Big Ups to Adam and Lexie for taking such great photos and providing stellar moral support.

Vectors, or “My Man Inf Left A VEC and a 9 At My Crib”

So awhile back my man Andrew Reitano dragged home a vector monitor from an old Asteroids arcade cabinet.
Here’s what we’ve done with it so far:

It was a long road to get there!
For those of you born after the cold war, Asteroids was a hugely popular game by Atari which used a now-obsolete style of monitor. If you haven’t played one in an arcade you owe it to yourself to do it, because they look like nothing else. The phosphor artifacts are trippy and beautiful.

Anyway, the trick with these things is that they get driven more like an oscilloscope than like a normal TV or raster monitor. Meaning, you send them voltages and deflect an electron gun to a certain spot on the screen, rather than drawing an image out line by line like an NTSC or RGB display. This presents all kinds of problems.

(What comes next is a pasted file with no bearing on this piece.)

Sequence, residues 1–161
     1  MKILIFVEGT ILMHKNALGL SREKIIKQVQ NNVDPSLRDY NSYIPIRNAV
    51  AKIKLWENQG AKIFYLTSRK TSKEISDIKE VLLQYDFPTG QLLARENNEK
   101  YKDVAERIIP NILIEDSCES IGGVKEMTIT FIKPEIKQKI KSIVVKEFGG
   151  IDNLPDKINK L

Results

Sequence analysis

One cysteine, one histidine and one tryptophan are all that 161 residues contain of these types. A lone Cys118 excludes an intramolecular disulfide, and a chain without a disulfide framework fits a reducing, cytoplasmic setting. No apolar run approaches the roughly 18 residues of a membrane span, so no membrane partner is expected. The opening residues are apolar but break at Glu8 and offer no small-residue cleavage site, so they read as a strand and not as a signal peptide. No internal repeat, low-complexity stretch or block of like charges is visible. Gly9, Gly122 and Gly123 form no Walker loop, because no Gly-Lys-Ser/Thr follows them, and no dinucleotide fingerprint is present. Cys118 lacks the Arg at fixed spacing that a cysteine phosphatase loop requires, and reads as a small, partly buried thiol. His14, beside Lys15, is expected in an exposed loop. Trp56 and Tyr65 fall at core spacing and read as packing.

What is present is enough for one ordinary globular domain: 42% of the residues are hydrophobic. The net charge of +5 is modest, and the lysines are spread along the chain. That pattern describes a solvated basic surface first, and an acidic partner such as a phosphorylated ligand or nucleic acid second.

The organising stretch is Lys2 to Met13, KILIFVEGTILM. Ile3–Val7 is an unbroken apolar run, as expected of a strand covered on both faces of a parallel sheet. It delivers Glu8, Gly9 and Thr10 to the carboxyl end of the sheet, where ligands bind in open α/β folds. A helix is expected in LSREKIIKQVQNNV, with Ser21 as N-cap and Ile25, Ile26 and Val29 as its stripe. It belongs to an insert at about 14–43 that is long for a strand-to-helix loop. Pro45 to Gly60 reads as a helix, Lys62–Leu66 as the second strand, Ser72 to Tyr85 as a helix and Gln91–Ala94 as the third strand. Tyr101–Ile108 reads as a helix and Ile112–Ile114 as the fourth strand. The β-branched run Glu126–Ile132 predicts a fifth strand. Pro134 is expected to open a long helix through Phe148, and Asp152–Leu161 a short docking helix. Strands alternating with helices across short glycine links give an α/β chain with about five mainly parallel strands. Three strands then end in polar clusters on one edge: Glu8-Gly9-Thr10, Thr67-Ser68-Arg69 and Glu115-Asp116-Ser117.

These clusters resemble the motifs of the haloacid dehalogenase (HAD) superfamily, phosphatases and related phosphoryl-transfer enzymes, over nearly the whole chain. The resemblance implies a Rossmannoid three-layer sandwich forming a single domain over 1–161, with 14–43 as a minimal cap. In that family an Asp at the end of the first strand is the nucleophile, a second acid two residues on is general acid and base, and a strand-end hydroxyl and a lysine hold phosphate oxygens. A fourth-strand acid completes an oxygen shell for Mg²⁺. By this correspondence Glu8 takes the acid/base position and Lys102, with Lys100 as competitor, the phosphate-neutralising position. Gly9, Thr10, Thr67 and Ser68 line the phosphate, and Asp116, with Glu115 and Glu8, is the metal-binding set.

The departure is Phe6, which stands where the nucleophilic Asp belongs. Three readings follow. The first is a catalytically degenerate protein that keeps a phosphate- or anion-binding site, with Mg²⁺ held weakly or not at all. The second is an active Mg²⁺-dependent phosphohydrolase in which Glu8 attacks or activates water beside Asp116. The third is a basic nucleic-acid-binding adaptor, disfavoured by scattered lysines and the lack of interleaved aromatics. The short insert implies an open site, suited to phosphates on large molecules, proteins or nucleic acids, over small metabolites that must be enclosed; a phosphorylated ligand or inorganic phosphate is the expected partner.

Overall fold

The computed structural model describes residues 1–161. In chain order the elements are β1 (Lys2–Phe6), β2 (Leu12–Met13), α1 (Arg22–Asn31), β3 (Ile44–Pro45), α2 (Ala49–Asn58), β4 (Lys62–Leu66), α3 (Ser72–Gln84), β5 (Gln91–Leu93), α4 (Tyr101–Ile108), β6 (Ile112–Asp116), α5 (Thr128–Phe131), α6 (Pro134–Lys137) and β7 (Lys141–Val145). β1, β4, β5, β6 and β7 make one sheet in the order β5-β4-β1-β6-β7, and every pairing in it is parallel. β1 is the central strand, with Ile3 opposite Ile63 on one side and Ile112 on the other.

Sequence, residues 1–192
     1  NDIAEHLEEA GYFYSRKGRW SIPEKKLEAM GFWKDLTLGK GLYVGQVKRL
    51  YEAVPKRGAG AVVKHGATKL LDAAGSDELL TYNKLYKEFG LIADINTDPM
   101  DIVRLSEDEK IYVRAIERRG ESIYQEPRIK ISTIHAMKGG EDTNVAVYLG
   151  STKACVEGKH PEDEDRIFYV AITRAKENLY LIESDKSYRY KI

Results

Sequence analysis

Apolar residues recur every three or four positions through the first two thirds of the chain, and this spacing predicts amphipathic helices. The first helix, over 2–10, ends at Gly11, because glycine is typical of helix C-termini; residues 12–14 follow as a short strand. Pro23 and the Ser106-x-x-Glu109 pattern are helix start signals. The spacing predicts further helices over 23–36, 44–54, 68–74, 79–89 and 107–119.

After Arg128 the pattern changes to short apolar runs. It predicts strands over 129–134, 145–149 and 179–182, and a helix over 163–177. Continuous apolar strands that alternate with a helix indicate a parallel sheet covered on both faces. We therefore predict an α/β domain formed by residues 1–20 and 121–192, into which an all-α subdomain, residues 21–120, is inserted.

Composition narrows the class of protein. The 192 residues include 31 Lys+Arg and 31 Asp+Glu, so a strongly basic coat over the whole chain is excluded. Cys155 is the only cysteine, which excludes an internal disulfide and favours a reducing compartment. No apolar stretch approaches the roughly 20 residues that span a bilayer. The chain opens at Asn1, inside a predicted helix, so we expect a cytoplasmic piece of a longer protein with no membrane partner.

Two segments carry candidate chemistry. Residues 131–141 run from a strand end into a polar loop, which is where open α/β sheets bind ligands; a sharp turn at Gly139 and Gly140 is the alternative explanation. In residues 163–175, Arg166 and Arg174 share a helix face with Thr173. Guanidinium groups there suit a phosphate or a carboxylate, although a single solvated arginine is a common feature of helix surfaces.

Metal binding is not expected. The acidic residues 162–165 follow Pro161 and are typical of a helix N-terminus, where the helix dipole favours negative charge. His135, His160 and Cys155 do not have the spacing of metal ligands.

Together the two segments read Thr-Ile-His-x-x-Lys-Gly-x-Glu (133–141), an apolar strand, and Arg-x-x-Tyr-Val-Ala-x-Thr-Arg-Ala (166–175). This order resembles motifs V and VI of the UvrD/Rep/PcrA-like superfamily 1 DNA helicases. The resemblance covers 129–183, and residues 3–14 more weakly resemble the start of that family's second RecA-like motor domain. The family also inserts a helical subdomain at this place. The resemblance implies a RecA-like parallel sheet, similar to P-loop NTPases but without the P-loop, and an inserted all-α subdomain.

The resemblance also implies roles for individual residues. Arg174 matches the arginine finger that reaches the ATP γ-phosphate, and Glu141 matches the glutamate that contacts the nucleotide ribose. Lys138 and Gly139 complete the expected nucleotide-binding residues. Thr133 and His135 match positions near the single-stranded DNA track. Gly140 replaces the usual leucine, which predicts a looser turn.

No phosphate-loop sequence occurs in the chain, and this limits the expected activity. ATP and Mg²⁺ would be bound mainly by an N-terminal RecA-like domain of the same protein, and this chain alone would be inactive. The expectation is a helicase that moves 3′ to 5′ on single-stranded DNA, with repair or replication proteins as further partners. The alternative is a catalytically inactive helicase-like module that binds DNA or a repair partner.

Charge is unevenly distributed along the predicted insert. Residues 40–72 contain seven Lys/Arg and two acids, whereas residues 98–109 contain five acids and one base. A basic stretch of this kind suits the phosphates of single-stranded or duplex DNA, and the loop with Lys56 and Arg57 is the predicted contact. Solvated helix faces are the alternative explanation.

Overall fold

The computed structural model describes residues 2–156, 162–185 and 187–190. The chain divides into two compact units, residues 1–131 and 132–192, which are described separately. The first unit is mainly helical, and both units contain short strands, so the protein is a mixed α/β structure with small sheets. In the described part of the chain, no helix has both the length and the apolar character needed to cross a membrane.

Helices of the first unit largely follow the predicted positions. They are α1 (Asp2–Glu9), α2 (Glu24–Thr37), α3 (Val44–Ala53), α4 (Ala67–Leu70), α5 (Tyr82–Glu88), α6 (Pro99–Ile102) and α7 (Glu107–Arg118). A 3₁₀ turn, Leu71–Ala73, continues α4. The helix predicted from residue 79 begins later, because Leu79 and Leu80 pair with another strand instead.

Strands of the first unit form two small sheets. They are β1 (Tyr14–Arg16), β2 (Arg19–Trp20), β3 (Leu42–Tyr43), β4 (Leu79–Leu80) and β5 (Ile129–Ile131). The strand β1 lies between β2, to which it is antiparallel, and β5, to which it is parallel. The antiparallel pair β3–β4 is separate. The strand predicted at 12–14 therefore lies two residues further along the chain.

First, you have to move this electron gun at an even rate, and you need to do it on a halfway stable and reasonably fast way. I think Asteroids drew at 4MHz, meaning you needed to be pushing the gun that often AND slewing a beam that fast. After blowing up a handful of output transistors in the monitor, we came up with these:


That’s a Xilinx Spartan-3E FPGA on a Nexys2 dev board which Andrew programmed to be our vector generator, and a DAC/Amplifier board I designed to sling the beam around at 20 MHz and 12-bit resolution. First thing we did (this was with some gnarly R2R dac) was get a cube to display on the scope (I think the monitor was still fried from earlier “tests”). It kinda sucked:


Encouraged, we got drunk, fixed the monitor, Andrew wrote a rasterizer and we put the patron saint of Bed Stuy on the screen. It sucked less:


By then we were pretty sure we had a new arcade game in the works and the heavy lifting started. Andrew tuned the hell out of the VHDL and got the FPGA tweaking all kinds of gun parameters. I fixed the amp a couple times to get it running that gun right, and both of us spent a lot of time coding in C. I’ve wanted to make video games ever since I was a kid, but somehow this was my first foray into coding 3d rotations, particles, dynamic memory, and a lot of other generally non-embedded stuff. It ruled. We got to the point where we could rudely waste 3d polygons: